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Too Cheap to Meter
An Economic and Philosophical Analysis of the Nuclear Dream
Too Cheap to Meter
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Steven Mark Cohn - Author
SUNY series in Radical Social and Political Theory
Price: $66.50 
Hardcover - 467 pages
Release Date: October 1997
ISBN10: 0-7914-3389-7
ISBN13: 978-0-7914-3389-8

Quantity:  
Price: $33.95 
Paperback - 467 pages
Release Date: October 1997
ISBN10: 0-7914-3390-0
ISBN13: 978-0-7914-3390-4

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Summary Read First Chapter image missing

Uses concepts from social theory to explore the history and future of nuclear power in the U.S. and to explore the nature of technological change in the U.S. economy.

"This is an important history which should capture the interests of those concerned with what energy sources will be used in the next generation. Cohn achieves two goal s, the history of the rise and fall of nuclear power as a dominant paradigm and also how such paradigms are socially constructed. He successfully brings together social science theory and engineering."-- David W. Noble, University of Minnesota

This book weaves together nuclear power and social theory to explain the history and predict the future of nuclear power in the United States and to explore the determinants of technological change in the U.S. economy. The first half of the book looks at who promoted nuclear power, and how they did it, and why nuclear costs and hazards were systematically underestimated. The second half looks at current debates about the technology's future through the lens of its history. Among the topics addressed are debates over the safety and economics of future reactors, the merits of new kinds of nuclear power reactors, the economics of non-nuclear energy options, and the implications of potential greenhouse constraints on fossil fuel use for nuclear power.

The author's work has been praised by both proponents and critics of nuclear power:

"Cohn has a deep insight into the logic of the nuclear power debate. He understands why nuclear enthusiasts believe that solutions exist to current problems and why nuclear critics disagree." --Larry Lidsky, Massachusetts Institute of Technology

"This book is the most profound and rigorous work on the political economy of nuclear power to date. It is destined to become the definitive chronicle of the rise and fall of nuclear power." --Charles Komanoff, Komanoff Energy Associates

"Cohn's book is a great resource for citizens, with many useful perspectives on the past and future of nuclear power." -- Ted Tourlentes, Co-founder, Prairie Alliance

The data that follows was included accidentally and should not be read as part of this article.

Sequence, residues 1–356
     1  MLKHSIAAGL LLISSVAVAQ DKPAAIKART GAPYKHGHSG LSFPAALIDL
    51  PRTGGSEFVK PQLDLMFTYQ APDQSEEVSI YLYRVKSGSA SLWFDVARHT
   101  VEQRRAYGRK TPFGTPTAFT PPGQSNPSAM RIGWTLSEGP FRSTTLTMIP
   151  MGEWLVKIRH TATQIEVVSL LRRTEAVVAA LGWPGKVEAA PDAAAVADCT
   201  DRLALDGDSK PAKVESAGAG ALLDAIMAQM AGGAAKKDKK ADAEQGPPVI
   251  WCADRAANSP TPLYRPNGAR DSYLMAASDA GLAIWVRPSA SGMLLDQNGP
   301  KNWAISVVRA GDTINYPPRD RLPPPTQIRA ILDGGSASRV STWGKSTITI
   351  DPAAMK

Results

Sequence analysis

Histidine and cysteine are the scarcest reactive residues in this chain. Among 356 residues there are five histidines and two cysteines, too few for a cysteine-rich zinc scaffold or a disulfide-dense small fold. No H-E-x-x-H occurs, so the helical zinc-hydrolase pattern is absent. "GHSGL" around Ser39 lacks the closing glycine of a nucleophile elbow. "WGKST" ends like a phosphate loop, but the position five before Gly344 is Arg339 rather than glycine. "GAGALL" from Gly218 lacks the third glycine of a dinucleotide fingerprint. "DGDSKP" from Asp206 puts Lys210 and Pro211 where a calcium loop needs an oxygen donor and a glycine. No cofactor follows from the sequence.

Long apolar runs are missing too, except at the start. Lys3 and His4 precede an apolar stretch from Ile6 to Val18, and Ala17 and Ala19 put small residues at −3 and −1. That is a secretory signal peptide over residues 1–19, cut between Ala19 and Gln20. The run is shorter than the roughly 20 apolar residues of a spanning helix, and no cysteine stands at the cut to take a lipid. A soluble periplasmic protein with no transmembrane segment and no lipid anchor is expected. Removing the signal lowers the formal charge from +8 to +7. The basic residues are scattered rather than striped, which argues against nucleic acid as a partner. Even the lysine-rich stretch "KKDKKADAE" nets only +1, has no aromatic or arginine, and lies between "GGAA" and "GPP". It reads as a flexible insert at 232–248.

"This is an important, interesting, and powerful book. The author turns a simple and, to some extent, well-known story about nuclear power into an important lesson about technological developments in general. He clearly demonstrates the power and value of his extension of Kuhnian epistemology to the economic history of nuclear power." --Blair Sandler, St. Mary's College

"An impressive piece of work, important on its own and also an outstanding case study in technological hubris and failure." -- Harvey Wasserman, Greenpeace

"Professor Cohn's work on the economics of nuclear power is the best overall economic evaluation I know of. I rely on it, and you should too."-- Arjun Makhijani, President, Institute for Energy and Environmental Research

Steven Mark Cohn is Associate Professor of Economics at Knox College.


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Table of Contents

List of Tables and Figures

Acknowledgments

Abbreviations

1. Introduction

Part I: History

2. The Nuclear Planning Context

3. Government Regulation of Nuclear Power

4. The Creation of Promotional Realms of Discourse: A Sociology of Nuclear Knowledge

5. Nuclear Power's OT Differential

6. The Diseastablishment of Nuclear Power as an Official Technology

Part II: The Future of Nuclear Power: Nuclear Sector Issues

7. Nuclear Power Cost Forecasts

8. Public Policy and the Future of Nuclear Power: R&D and Subsidy Support

9. Nuclear Regulatory Issues

10. Alternative Reactor Designs

Part III: The Competitive Context

11. Nuclear Competition: Demand Side

12. Nuclear Competition: Supply Side

13. Global Warning and Nuclear Power

Part IV: Conclusion

14. Findings

Notes

Bibliography

Index



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